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SALT LAKE CITY (AP) – Fueled by increasing energy prices and a push for more fossil fuels, oil and natural gas exploration is on the rise in the Rocky Mountain states. And that means new jobs and new business after a long dry spell.

“The resources are there but you’re going to have to explore for it. That does create employment,” said Cody Huseby, editor of the Rocky Mountain Oil Journal. “With the increase of the drilling activity that means more rigs out there and that means you’re going to need more people and more equipment.”

New wells are springing up across the region. In Utah, where oil and gas production has long been overshadowed by coal, 460 permits for new oil or gas wells have been granted in the first six months of this year – a pace outstripping last year’s 673.

The numbers are similar in other Rocky Mountain states. In Colorado, 1,267 oil and gas drilling permits were issued through June, compared to 1,529 for all of last year.

And in Wyoming, 5,014 permits were issued in the first six months of 2001, compared to last year’s 7,423.

Much of the drilling is for natural gas (in Wyoming, 98 percent of new permits are for natural gas drilling), which saw prices spike at the beginning of the year, partly response to California’s power crisis.

Although prices have dropped in recent months as more gas has been stored, some suppliers are still betting that the country’s demand for a clean, steady supply of fuel will make drilling worth their while.

“(There is) a major change in the understanding of the future needs of the country, particularly as it relates to natural gas and the new uses of natural gas to generate power,” said Logan MacMillan, a Denver based geologist who consults for oil and gas producers. The stretch of land from Western Canada through the Rockies to New Mexico was once part of a giant seaway that is now rich in pockets of natural gas.

But it’s not always easy to get to the fuel, get it out of the ground or get it to the plant – all factors that help companies determine whether production is worthwhile. Experts say those things may be looking up.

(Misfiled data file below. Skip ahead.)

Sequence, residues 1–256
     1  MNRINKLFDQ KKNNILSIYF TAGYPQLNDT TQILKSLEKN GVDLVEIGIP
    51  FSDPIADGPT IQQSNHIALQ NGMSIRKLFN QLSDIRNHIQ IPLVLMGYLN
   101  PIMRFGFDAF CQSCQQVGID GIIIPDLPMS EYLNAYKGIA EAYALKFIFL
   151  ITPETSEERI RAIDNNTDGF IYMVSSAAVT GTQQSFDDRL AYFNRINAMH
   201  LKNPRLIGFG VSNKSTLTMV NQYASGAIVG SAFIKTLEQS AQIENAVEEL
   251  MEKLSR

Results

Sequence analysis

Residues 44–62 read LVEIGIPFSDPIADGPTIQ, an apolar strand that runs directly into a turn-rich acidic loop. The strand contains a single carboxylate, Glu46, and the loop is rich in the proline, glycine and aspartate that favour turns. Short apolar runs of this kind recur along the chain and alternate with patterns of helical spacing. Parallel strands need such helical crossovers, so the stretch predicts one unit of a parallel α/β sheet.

President Bush’s drive to open up public lands to more drilling and streamline the current permitting process has producers excited. New technology makes it easier to find the resources and extract more of them at a lower cost. And the potential for new pipeline construction around the West might ease the problem of moving gas from the well to where it’s needed.

And while there are still huge question marks hanging over this traditional boom-and-bust industry, even small jumps in drilling can boost the local economy.

In Utah, the new growth translated to about 300 new oil and gas jobs from June 2000 to June 2001, according to the Department of Workforce Services. That’s with 24 active rotary wells in the state compared to an average of 16 for all of last year, according to Baker Hughes Inc.’s weekly rig count.

That fits with the industry rule of thumb, which figures each new rig brings 40 jobs.

For example, True Drilling – a Casper, Wyo.-based company that runs 10 drills for companies in Utah, Wyoming and Colorado – has 21 employees at ever rig plus at least as many outside contractors, said drilling supervisor Gary Hoggatt.

“It takes a geophysicist to come up with the play and a dirt contractor to build the road and location and someone to pump the water and someone to deliver the fuel and a mechanic to keep it running and welders to keep it running,” he said, listing the people it takes to start and run a new well.

Hoggatt said a shortage of qualified workers has kept his company from expanding in recent months. The situation is similar around the Rockies, said Lindie Woodruff, spokeswoman for the Independent Petroleum Association of Mountain States.

“I can’t tell you of a company here that isn’t hiring,” she said. “The oil and gas industry needed to step up to the increased demand that we’re seeing … People forgot that it has to come from somewhere.”

On the Net

Rocky Mountain Oil Journal: http://www.rmoj.com

Independent Petroleum Association of Mountain States: http://www.ipams.org

Copyright © 2001, Associated Press. All rights reserved. This material may not be published, broadcast, rewritten, or redistributed.

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